Nontechnological practices are not transferable to or replicable by others. [...] when the procedures of an EBP are technological, the expectation is that others can replicate the practice and achieve the same outcomes as those reported by the originators with a high degree of certainty.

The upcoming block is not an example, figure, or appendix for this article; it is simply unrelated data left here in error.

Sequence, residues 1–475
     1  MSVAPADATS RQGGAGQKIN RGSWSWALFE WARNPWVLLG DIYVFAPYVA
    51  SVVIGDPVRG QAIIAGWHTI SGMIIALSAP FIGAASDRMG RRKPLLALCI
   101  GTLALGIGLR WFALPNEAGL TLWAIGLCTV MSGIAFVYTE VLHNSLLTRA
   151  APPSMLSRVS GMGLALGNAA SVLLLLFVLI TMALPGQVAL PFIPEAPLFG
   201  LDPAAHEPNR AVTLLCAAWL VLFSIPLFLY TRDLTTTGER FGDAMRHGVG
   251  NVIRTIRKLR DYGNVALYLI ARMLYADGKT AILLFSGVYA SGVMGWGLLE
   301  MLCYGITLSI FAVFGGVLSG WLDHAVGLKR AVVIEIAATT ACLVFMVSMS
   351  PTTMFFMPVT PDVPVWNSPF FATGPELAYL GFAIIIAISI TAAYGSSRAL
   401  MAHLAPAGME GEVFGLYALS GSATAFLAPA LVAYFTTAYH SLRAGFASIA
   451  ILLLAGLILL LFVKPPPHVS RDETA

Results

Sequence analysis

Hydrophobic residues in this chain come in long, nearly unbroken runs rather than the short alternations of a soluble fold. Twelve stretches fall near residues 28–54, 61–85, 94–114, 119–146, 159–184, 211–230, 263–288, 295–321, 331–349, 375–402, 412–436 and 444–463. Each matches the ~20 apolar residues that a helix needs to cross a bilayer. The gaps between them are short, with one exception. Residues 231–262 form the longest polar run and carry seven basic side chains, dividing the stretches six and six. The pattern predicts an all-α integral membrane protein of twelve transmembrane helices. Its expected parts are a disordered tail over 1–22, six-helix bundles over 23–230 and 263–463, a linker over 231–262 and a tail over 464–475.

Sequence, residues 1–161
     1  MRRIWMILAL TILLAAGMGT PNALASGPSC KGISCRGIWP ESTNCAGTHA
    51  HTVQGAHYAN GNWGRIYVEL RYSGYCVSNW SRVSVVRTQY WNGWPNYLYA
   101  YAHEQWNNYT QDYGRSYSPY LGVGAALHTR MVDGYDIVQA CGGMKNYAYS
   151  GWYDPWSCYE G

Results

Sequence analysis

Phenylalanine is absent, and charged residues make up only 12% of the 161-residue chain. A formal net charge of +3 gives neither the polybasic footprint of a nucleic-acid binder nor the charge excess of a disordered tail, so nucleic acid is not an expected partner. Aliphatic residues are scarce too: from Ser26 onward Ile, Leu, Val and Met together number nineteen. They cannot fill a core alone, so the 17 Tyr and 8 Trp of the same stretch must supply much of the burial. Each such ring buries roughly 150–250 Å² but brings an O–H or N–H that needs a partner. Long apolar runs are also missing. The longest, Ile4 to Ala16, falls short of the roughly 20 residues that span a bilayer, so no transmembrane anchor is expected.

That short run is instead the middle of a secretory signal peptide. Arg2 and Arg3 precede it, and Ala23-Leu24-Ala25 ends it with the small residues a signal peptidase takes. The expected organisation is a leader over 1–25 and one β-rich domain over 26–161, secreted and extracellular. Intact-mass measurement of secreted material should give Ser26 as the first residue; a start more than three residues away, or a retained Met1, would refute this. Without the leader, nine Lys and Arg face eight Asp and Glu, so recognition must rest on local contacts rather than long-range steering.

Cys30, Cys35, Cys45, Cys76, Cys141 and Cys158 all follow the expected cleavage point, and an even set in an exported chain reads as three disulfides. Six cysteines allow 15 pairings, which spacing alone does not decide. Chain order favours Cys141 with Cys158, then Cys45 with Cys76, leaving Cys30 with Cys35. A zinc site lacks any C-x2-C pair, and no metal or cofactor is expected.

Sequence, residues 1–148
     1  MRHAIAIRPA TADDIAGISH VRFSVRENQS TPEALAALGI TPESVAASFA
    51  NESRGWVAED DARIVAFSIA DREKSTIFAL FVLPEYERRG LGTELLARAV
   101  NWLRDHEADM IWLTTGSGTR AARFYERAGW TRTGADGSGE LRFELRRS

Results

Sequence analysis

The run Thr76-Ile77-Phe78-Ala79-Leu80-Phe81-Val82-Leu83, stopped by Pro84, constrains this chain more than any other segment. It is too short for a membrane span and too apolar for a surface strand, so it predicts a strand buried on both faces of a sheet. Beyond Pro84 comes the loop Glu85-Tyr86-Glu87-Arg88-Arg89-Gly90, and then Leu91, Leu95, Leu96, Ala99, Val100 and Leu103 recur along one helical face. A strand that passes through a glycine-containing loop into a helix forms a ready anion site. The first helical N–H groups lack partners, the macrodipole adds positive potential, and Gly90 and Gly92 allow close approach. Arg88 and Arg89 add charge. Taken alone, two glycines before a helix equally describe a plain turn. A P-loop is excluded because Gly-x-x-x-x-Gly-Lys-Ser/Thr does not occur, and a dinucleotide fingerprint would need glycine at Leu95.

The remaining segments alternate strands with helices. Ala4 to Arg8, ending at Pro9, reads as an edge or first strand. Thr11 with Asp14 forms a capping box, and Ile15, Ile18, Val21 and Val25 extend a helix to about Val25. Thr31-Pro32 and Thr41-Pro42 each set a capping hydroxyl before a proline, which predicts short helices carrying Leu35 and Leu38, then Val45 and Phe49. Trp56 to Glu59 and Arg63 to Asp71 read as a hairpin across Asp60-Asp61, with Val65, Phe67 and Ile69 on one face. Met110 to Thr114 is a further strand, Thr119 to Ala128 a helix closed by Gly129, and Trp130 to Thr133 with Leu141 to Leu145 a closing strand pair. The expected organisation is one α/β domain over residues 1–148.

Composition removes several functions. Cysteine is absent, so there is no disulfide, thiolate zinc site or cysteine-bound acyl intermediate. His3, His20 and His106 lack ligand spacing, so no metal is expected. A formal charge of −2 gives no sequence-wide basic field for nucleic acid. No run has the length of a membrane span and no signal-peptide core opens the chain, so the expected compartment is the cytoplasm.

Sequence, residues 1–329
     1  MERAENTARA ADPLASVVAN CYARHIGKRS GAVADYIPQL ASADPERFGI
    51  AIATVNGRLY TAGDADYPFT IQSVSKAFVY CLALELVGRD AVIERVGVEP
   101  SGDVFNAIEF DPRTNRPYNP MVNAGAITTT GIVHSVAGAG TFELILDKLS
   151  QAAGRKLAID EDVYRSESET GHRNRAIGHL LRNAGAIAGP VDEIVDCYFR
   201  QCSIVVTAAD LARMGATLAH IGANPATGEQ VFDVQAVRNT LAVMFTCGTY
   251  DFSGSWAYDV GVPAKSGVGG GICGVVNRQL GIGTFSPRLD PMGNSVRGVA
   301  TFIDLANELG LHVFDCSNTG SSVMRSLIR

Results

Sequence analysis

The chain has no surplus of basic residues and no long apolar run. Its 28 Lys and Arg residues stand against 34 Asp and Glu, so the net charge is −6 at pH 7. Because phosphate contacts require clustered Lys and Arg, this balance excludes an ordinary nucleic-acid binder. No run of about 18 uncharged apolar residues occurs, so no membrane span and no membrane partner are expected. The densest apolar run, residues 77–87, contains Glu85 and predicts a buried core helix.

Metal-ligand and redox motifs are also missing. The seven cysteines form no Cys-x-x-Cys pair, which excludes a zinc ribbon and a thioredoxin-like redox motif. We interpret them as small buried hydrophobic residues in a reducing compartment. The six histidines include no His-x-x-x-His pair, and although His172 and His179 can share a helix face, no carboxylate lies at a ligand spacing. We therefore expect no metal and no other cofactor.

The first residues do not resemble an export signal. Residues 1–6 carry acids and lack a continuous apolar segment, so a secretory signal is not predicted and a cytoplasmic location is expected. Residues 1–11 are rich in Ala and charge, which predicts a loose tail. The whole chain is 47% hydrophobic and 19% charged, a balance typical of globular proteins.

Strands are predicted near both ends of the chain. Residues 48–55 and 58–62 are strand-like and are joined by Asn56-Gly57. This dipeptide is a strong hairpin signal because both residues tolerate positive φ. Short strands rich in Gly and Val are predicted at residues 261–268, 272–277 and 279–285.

School Psychology Review, 2009, Volume 38, No. 4, pp. 547–553 COMMENTARY Treatment Integrity: Revisiting Some Big Ideas Charles R. Greenwood Juniper Gardens Children’s Project, University of Kansas From Peterson, Homer, and Wonderlich tion. In hopes of adding something to this (1982) to the present, the editors and authors comprehensive effort, I decided to provide a of this issue traced the historical precedence of personal reﬂection on the topic based on my treatment integrity in psychology (see Yeaton (and my colleagues’) own efforts to develop & Sechrest, 1981) and its emergence in edu- and scale up use of evidence-based practices cation. They reviewed existing treatment in- in inner-city, urban community schools. As we tegrity frameworks and reported common and face the complexity in the topic just discussed, unique differences in an effort to focus on I do so with the intent that that we do not lose common and unique features. The special is- sight of some big ideas underpinning the role sue addressed themes of (a) assessment, (b) of treatment integrity in our work. relationship to treatment outcomes, and (c) A common characteristic of the highly promotion of treatment integrity in practice. effective disciplines like aviation, engineering, They discussed relevance ranging from the and medicine is that their practices are based control of the internal validity of experiments on the results of empirical experimental sci- to response to intervention and problem-solv- ence, the set of lessons learned from their long ing practices in school-wide prevention. They histories of experimentation. One hundred provided two examples of its use in research. years ago, we did not ﬂy, buildings nearly They concluded that although inclusion and always collapsed in earthquakes, and physi- use of treatment integrity data to make infer- cians offered treatments with no assurance that ences and decisions is emerging in the disci- they would cure (Greenwood & Abbott, pline, it still happens too infrequently in both 2001). Today we ﬂy, live, and work in safer, research and practice. more energy-efﬁcient buildings, and experi- As one concerned with these issues for a ence treatments that cure and prevent most of long time now, I thank the lead editors and the common diseases that killed 100 years authors for making this important contribu- earlier. Research ﬁndings from basic and ap- The author acknowledges his many colleagues over the years who helped develop the treatment integrity conceptual framework through their efforts learning how to develop and validate effective interventions. Correspondence regarding this article should be addressed to Charles R. Greenwood, Juniper Gardens Children’s Project, University of Kansas, 650 Minnesota Avenue, Kansas City, KS 66101; E-mail: email@example.com Copyright 2009 by the National Association of School Psychologists, ISSN 0279-6015 547 School Psychology Review, 2009, Volume 38, No. 4 plied experiments, accumulated and proven in ago in the late 1960s (e.g., Hall, Schiefel- practice, ground these professions’ high de- busch, Greenwood, & Hoyt, 2006). Seeking gree of effectiveness, and the trust and respect the ability to produce socially desirable out- given them by the general public. comes using effective behavioral practices, The policies of professional organiza- Baer, Wolf, and Risley (1968) described crit- tions related to aviation, engineering, and ical dimensions that researchers would need to medicine assert that today’s standard practices address if they were to achieve this goal are subject to immediate change when ﬁndings through an experimental, applied science
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